There’s seems to be no doubt that many Australian drivers would like their next car purchase to be electric, if only they could afford one of the few models on offer in Australia.
But there might be a better option. A new report prepared for the Australian Renewable Energy Agency highlights the opportunity for the creation of a new “grey market” – one that would allow a major new player to bring in secondhand electric EVs to Australia, and at a price more people could afford, or even new models from a manufacturer that can’t be bothered to do it itself.
To date, there are few second hand EVs available in the Australia market. Some are bringing them in from Japan, but at a modest scale – unlike New Zealand, where around half of all EV purchases are second hand EVs shipped in from Japan.
The report by EV specialists Evenergi for ARENA says the establishment of a viable market for the importation of used electric vehicles represents a significant business opportunity, and is one of the most important ways that the adoption of electric vehicles can be accelerated in Australia.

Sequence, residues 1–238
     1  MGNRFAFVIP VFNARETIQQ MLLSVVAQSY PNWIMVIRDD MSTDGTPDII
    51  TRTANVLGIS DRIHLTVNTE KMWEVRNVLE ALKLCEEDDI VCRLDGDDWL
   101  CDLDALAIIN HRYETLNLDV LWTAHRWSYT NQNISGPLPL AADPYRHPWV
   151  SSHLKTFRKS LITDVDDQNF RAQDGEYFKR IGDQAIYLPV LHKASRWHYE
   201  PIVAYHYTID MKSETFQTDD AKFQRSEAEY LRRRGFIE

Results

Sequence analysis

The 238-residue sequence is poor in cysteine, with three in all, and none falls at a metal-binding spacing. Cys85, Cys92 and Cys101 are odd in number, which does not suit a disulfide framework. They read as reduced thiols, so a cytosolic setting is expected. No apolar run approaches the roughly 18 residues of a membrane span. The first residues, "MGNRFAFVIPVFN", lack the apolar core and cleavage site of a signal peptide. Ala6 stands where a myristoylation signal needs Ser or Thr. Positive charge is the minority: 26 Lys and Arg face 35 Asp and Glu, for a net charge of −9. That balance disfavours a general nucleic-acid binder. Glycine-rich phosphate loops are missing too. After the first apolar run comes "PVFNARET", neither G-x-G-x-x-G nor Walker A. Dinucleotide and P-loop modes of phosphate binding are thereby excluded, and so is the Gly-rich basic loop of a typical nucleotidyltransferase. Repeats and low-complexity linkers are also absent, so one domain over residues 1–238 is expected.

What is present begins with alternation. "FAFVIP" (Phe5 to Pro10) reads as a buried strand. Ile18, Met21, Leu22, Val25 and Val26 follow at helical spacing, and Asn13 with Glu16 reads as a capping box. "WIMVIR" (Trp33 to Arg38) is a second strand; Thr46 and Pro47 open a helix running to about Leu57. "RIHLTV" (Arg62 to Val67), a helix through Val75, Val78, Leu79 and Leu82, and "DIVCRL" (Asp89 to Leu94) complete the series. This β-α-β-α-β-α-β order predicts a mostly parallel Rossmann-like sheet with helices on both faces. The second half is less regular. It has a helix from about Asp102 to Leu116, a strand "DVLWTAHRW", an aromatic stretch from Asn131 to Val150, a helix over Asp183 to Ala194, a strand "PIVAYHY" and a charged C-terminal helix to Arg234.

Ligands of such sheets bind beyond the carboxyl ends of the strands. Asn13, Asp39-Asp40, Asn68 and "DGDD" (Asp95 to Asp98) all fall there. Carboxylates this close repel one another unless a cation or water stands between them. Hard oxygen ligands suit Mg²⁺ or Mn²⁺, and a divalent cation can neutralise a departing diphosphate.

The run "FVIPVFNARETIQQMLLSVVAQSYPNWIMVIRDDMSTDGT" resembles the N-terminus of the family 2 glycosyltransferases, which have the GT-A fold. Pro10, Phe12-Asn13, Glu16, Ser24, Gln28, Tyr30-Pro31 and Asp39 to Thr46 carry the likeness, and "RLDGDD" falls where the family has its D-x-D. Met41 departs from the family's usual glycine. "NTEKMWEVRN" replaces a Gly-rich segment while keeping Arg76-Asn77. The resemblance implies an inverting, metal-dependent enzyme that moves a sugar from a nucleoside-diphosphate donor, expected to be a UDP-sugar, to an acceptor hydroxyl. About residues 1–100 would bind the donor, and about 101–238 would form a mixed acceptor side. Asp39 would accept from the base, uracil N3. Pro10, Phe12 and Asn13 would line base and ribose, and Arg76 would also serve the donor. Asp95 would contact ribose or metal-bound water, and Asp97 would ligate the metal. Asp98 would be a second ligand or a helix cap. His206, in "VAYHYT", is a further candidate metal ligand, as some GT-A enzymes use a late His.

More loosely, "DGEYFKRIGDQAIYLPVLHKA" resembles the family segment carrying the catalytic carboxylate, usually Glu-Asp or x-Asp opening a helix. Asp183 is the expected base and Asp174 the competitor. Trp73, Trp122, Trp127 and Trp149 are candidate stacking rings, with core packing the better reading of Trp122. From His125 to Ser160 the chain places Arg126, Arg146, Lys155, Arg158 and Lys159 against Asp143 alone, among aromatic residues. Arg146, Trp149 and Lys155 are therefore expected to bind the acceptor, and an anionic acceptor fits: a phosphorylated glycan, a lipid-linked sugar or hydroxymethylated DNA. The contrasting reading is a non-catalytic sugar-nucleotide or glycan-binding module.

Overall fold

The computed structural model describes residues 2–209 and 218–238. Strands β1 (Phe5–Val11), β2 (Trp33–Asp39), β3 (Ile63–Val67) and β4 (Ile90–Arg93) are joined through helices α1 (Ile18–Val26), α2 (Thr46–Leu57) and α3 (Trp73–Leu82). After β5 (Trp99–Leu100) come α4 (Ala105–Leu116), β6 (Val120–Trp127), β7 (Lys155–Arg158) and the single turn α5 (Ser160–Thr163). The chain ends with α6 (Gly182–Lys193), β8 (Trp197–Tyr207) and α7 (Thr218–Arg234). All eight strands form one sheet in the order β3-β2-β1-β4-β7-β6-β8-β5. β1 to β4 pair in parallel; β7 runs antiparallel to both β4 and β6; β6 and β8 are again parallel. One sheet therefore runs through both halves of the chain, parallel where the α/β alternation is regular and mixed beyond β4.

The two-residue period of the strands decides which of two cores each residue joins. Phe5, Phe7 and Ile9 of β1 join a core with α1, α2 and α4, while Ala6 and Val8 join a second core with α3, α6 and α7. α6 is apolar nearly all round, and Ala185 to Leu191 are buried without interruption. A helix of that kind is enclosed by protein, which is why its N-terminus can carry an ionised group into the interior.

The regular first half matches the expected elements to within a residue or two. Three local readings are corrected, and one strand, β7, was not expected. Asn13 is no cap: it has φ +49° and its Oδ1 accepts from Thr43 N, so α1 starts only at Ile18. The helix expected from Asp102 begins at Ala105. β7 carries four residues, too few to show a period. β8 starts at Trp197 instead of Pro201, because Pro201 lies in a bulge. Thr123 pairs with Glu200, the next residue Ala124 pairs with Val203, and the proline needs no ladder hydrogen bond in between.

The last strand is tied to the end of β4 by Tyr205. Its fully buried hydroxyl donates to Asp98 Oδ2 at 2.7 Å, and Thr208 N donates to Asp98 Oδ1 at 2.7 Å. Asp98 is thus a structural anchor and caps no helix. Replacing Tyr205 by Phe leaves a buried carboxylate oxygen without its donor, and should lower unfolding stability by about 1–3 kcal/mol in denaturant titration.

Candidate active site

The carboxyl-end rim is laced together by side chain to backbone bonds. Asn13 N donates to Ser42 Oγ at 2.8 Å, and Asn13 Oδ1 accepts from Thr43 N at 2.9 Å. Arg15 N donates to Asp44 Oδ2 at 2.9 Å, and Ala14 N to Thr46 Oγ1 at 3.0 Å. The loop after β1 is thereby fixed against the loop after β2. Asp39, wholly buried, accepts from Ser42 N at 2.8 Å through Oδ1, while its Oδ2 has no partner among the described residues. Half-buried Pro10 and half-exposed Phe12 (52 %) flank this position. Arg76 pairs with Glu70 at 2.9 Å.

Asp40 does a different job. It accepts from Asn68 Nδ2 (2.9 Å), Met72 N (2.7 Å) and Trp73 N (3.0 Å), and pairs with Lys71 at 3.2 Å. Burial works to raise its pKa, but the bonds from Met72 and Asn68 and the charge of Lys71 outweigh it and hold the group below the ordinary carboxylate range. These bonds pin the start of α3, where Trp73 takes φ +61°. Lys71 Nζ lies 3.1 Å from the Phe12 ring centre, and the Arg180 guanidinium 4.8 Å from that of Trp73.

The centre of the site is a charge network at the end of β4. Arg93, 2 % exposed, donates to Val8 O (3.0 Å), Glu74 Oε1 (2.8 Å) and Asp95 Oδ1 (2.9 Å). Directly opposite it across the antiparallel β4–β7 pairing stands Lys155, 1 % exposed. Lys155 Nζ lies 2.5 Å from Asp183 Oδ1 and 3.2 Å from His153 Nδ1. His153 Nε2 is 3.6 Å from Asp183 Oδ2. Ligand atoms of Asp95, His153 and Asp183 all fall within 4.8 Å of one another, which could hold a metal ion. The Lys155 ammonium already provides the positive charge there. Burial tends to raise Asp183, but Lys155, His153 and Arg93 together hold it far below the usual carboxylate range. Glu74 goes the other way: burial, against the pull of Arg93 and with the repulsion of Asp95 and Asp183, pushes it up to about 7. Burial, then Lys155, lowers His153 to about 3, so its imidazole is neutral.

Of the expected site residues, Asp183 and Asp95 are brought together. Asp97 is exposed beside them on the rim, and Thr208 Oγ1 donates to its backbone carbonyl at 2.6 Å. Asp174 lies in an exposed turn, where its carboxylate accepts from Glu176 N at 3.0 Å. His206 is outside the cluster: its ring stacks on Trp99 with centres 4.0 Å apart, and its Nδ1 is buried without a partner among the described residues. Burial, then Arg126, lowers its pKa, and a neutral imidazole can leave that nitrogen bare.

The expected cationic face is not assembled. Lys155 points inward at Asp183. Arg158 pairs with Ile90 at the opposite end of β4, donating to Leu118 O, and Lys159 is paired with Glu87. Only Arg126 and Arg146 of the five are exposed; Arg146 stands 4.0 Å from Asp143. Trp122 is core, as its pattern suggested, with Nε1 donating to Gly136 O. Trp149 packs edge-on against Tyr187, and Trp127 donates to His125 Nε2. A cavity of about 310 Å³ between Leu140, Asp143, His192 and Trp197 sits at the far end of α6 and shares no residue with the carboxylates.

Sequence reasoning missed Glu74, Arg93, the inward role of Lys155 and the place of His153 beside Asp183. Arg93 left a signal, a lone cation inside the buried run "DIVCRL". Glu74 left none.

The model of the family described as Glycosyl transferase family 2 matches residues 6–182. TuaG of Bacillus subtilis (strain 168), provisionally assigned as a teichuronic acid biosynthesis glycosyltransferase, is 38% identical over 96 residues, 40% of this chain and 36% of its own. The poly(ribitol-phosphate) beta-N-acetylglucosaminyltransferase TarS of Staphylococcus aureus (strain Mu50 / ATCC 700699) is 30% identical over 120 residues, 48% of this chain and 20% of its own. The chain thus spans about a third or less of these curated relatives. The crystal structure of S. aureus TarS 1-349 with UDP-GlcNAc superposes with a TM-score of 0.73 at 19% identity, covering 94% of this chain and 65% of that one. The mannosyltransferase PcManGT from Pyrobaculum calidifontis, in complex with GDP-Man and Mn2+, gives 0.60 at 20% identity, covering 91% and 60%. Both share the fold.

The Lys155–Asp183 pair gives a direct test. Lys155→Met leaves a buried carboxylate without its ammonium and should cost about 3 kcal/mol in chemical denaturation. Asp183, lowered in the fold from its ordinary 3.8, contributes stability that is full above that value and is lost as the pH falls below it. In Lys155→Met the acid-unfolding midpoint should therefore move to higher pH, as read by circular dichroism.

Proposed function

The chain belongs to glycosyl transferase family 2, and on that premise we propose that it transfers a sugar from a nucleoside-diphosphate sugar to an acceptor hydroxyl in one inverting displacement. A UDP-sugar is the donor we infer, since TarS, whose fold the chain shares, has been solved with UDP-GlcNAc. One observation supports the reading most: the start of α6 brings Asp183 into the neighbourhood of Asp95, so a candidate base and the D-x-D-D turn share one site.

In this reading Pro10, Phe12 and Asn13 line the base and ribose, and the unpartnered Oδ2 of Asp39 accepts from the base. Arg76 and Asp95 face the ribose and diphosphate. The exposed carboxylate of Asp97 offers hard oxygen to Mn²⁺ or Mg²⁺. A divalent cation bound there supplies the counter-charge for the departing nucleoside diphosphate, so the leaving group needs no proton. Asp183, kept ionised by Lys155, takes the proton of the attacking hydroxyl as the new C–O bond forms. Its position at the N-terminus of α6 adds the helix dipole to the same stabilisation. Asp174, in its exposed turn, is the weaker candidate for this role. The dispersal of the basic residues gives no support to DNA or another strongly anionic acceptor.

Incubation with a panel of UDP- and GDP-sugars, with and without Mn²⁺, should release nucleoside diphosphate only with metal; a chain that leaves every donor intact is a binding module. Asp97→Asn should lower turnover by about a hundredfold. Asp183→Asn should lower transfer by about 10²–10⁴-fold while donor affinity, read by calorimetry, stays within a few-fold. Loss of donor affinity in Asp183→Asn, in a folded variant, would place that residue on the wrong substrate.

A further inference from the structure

The opportunity is being created by a new rule that removes the current restrictions – to 100 a year – in the import of cars not currently brought to Australia by their manufacturer. It’s used by companies that bring in American-made vehicles and are adapted for Australia.
The new rule removes that numerical barrier. And it could be a great opportunity to plug into the second hand EV market, or even new models currently not available in Australia.
“Organisations such as NRMA are well positioned to execute this initiative as it has the complementary products required to fully articulate the revenue opportunities, and to lend the credibility needed to ensure the initiative is a success,” it says.
“Alternatively aggressive and well capitalised start-ups or existing importing incumbents could capitalise on the opportunity.”
Australia’s EV market is showing signs of strength, albeit off a small base, even while the overall car market is experiencing a slump that has lasted more than two years already.
But there remain significant barriers: Comparatively few models are available, and there is no pure electric that can be bought for less than $A50,000, including on-road costs.
To read the full version of this story – and view the photo gallery – on RenewEconomy’s electric vehicle dedicated site, The Driven, click here…
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